The reality is that energy cost is equally expensive in Malaysia. “Electricity cost in Australia is expected to double in the next few years and Malaysia will probably face the same scenario. So buildings with cost-saving features will benefit in the future.”

Because of its location and land size, the hospital will be vertical with 28 floors instead of the more traditional six to eight storeys

Because of its location and land size, the hospital will be vertical with 28 floors instead of the more traditional six to eight storeys

Moving forward, Veritas is working on the newly relocated International School of Kuala Lumpur (ISKL). It is now at the schematic stage of design for the school. “We’re not just looking at meeting Green Building Index ratings, but surpassing them,” says Alers.

GBI’s highest rating of Platinum is not Veritas’ penultimate because that will still have an impact on Earth. “For this school, we are trying to see how far we can go in terms of energy efficiency,” Alers says. “We are looking to make the school carbon-positive, which means it actually produces more energy than it uses.”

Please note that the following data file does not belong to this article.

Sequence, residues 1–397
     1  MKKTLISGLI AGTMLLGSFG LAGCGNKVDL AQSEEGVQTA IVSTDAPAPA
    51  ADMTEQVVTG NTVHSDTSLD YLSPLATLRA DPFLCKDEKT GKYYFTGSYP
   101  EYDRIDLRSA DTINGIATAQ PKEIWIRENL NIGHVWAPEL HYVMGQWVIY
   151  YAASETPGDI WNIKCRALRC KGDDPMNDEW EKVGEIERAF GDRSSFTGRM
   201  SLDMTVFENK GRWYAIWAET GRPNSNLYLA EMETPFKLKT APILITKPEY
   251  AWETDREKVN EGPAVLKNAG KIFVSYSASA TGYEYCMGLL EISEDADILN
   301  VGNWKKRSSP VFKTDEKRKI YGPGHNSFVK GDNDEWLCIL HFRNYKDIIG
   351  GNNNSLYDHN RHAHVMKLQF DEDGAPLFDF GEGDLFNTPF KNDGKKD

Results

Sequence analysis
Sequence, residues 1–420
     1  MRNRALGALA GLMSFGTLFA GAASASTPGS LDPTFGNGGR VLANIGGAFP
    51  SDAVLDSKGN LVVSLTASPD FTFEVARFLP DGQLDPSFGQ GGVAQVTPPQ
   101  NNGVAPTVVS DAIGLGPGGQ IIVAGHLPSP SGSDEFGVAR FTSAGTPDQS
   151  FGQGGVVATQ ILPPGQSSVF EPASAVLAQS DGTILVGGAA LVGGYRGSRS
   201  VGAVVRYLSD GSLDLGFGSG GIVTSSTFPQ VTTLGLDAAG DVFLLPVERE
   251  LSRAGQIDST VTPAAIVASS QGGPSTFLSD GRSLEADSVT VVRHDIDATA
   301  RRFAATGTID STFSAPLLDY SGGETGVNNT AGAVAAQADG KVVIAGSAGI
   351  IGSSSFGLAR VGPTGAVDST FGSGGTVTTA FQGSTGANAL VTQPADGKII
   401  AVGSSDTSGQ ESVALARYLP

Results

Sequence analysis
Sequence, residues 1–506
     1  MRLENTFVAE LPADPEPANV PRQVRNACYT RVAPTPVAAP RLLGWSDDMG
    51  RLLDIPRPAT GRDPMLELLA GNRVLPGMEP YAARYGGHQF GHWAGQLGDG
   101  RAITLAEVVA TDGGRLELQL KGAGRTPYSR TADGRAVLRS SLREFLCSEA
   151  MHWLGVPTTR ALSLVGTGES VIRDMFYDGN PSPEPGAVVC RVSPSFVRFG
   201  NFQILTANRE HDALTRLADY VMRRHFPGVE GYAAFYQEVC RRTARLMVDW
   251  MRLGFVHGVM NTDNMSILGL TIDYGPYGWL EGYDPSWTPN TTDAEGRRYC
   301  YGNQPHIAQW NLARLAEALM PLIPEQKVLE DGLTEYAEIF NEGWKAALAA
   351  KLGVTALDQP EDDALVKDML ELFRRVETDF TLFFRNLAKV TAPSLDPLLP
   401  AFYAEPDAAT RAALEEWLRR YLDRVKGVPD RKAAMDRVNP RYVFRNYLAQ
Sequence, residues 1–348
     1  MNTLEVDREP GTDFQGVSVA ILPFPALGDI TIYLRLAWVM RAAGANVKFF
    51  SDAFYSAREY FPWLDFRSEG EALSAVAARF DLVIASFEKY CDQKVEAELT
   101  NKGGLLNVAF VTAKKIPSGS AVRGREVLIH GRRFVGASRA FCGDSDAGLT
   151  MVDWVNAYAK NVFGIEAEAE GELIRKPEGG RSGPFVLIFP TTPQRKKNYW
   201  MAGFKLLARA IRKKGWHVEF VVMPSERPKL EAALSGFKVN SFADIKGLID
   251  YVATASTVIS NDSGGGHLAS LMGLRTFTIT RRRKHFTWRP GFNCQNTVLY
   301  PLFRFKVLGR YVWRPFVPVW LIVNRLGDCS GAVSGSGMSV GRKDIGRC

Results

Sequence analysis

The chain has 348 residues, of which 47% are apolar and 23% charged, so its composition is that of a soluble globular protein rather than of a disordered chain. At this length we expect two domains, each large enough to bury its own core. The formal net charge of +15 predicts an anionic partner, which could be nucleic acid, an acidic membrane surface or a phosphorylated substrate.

Veritas is also hoping to reduce portable water consumption by 75% by looking at recycling water using bio-filtration systems and reusing it for irrigation and flushing.

Looking at the big picture, Alers says Malaysia is behind Singapore in sustainability in Southeast Asia, but it is catching up fast. “In terms of energy-efficient buildings, Malaysia is ahead of other countries in the region. The country has shown that it can reduce the energy consumption of its buildings by up to 70%. But there’s a lot more to be done.”

Alers concludes that educating the public on how they can cut costs and save energy is one way to get more people interested in sustainable designs. “If you tell the developers it takes a lot of money for a sustainable development, they will take a step back. But if you inform them how much money they can save on running the building, it might attract them since it only costs 3% more to save 15% more energy.”


This article first appeared in The Edge Malaysia Weekly, on March 3, 2014.